Tag Archives: film photography

Contact Photo Festival goings on…

The organisation for the festival requires quite a bit of attention, naturally. The members of the course have been taking on various tasks to make sure the whole thing comes together successfully. With various social media platforms being ran, promotional material to be designed, media to contact and maps to be drawn out, everybody is busy.

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This map for the locations was created by course member, Lucy Newman. She also created the whole brochure and a couple of posters which will be displayed around Leeds and it’s Universities. 

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I had some information from Scott, the creative director for Arts@Trinity, that there was a Leeds University Union Music Society concert on the same night as my opening night in the next room so I got in touch.

I spoke with Anna, the Chamber Music manager, and we decided to forge an alliance to promote one another around the city and in Universities. I sent her my own personal exhibition poster and the Contact Photo Festival poster. Image

To increase promotion of the festival I have also arranged for a A0 poster, both my own and the festival poster, to be displayed outside the Holy Trinity Church right next to an entrance/exit to the new Trinity shopping centre. Hopefully this helps to draw in more of a crowd! 

My own images have come together nicely. They will be displayed accompanied by the conversation had with each individual subject on the topic of death and grief. Headphones will be provided with each image so to allow the viewer feel a stronger, more personal connection with each subject.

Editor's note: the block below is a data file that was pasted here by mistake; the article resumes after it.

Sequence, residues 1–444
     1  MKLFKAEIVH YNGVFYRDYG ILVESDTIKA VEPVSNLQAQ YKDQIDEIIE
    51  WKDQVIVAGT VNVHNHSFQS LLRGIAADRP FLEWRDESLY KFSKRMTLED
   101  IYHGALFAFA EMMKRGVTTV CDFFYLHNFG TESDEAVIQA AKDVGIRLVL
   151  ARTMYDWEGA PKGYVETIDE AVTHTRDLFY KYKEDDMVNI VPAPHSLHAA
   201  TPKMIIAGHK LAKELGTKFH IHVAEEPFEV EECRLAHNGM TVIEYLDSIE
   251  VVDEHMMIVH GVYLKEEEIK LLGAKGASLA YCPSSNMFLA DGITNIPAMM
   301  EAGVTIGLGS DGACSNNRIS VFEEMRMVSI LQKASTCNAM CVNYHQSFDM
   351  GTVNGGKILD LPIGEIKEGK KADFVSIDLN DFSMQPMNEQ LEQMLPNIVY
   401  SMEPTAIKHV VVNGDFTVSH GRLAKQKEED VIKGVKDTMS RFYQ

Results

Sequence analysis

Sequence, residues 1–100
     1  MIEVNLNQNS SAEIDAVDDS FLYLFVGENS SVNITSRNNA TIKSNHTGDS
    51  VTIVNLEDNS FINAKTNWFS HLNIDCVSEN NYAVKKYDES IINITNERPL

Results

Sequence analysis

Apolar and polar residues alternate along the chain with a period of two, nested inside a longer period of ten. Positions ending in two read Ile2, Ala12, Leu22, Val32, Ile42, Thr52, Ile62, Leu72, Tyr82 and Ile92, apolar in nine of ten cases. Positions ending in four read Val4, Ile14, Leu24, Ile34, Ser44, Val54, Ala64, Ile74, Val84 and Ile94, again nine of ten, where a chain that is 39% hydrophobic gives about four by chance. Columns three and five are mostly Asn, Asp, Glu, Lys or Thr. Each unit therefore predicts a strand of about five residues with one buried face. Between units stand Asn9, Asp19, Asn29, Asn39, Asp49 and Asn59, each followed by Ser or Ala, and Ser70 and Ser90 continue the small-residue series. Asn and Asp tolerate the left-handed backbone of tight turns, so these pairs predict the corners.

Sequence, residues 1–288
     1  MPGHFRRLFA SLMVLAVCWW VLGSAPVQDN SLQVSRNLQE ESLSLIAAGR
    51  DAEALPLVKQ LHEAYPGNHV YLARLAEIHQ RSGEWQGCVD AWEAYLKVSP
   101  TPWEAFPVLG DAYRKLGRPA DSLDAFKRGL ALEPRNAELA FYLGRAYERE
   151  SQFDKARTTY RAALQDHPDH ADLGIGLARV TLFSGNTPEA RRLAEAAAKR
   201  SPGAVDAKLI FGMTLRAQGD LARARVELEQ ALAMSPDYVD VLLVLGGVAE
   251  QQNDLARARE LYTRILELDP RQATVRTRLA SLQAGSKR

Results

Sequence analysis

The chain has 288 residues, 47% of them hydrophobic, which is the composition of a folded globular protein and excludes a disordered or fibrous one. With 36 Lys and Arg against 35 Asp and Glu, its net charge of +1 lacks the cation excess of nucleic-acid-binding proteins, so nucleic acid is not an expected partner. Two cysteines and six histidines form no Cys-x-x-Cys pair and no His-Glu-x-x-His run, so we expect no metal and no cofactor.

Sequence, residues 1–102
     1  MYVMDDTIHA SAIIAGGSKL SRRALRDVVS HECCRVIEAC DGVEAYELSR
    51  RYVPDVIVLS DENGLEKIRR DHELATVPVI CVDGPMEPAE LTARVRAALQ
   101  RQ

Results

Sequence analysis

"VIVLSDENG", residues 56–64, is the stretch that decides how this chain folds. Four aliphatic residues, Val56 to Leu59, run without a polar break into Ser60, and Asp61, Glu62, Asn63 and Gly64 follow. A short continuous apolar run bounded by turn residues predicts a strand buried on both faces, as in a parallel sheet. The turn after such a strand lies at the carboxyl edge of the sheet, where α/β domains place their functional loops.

I will update again soon with further updates on exhibition preparations!

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Artists research: Looking at B&W photography

For my final piece I will be creating a series of black and white images shot on medium format using 120 film.

I want to look at a variety of photographers who have used black and white imagery in alternative creative ways. Not to say I will be trying anything too outrageous but I want to explore what can be done with black and white film photography. In particular I will be looking at images which I believe have a rich texture and deep tones which complement the subject matter.

Robert Mapplethorpe is a staple in the amateur photographer’s diet when hungry for beautiful imagery.

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The first image here, of James Franco, is so rich in tones. I think what really grabs my attention in any of Mapplethorpe’s work is how black the blacks within the images are. It always adds so much depth to the image. This moves us on to the second image which, again, you can see the richness of the blacks create the rest of the image. without this depth, the subjects in the foreground wouldn’t have so much of a visual impact.

Erwin Blumenfeld is another photographer who used some interesting techniques to create depth in his images.

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Again, you can see how the deep blacks offset the subject matter to create beautiful shapes and textures. Something Mapplethorpe did a lot of.

Sally Mann is another excellent Black and White photographer, despite her somewhat controversial subject matter, the images are still very beautiful.

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You can again see the richness in tones here that I am speaking of. Particularly in the first image of her daughter. The image directly above is a self portrait which I have only just discovered. Again, it’s the blacks of the vignetting that add so much drama to the image which is what always seems to attract me to black and white photography.

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